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There is nowhere to be found a more rational and succinct account of the hygiene of mature life than is contained in the 200 pages of Sir Hermann Weber's book, which with the present issue reaches its third edition. Weber refrains from any detailed description of the underlying pathology of senescence and avoids discussion of the abstruse problems surrounding that subject, which have lately engaged the attention of Metchnikoff, Minot and others. The book aims to accept the facts of the situation without controversy, and on a practical basis to lay down the rules of hygiene best adapted to preserve health and vigor in old age and postpone the advent of senility. There is a directness and simplicity about the manner in which the subject is developed that makes this little book an interesting and impressive one. The language is simple, dignified and untechnical. The book can be recommended to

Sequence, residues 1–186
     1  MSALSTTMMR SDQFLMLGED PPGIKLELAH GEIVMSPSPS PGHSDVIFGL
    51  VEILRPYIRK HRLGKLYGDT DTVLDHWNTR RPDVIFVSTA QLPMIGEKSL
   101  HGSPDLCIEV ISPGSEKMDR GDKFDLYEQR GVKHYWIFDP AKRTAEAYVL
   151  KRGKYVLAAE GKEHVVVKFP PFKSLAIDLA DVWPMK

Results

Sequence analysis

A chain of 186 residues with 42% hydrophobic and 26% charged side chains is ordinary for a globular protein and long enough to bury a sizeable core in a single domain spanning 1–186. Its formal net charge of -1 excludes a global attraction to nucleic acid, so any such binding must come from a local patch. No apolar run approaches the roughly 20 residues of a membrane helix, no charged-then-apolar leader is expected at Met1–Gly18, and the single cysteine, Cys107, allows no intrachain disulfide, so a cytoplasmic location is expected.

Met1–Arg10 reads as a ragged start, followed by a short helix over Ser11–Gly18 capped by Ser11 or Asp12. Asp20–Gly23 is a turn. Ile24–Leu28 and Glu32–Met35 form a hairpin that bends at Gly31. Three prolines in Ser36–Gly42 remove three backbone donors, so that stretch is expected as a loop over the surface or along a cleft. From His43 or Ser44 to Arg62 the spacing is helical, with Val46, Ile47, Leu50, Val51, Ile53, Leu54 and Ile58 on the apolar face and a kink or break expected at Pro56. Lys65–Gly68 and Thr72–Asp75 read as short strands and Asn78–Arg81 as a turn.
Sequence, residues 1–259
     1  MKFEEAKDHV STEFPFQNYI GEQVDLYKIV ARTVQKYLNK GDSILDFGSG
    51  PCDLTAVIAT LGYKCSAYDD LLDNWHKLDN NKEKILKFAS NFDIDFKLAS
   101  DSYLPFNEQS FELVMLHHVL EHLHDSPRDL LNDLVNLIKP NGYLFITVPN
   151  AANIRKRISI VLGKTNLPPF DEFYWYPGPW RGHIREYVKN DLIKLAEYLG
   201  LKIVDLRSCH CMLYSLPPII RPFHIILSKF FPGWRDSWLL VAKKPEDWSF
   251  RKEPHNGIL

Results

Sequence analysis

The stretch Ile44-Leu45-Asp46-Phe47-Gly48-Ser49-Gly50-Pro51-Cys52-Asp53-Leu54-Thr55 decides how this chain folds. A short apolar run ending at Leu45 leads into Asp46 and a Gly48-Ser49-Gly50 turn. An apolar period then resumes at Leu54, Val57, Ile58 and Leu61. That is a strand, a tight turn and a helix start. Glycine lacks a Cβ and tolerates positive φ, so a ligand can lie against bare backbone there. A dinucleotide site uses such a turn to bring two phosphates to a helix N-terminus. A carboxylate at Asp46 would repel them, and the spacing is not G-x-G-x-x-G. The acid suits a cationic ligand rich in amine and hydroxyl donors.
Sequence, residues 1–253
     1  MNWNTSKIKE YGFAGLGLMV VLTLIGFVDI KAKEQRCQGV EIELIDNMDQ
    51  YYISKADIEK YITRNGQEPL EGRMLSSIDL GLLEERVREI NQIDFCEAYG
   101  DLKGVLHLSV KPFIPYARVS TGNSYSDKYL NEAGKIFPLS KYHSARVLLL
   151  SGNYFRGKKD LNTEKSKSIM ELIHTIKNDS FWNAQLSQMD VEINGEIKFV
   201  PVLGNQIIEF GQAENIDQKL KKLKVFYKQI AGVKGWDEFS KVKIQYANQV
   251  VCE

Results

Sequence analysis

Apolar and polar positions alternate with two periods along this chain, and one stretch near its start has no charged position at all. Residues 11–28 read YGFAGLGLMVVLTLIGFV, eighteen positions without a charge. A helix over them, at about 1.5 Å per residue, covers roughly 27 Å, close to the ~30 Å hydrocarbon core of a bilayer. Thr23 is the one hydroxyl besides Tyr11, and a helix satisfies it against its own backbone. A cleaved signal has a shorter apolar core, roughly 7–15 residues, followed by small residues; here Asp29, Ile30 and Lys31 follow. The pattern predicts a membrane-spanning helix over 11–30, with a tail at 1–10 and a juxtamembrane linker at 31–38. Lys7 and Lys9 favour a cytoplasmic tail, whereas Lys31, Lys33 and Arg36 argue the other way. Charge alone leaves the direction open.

Means for the Prolongation of Life. Third and Enlarged Edition of a Lecture Delivered Before the Royal College of Phy sicians on Dec. 3, 1903. JAMA. 1909;LII(5):405. doi:10.1001/jama.1909.02540310065029
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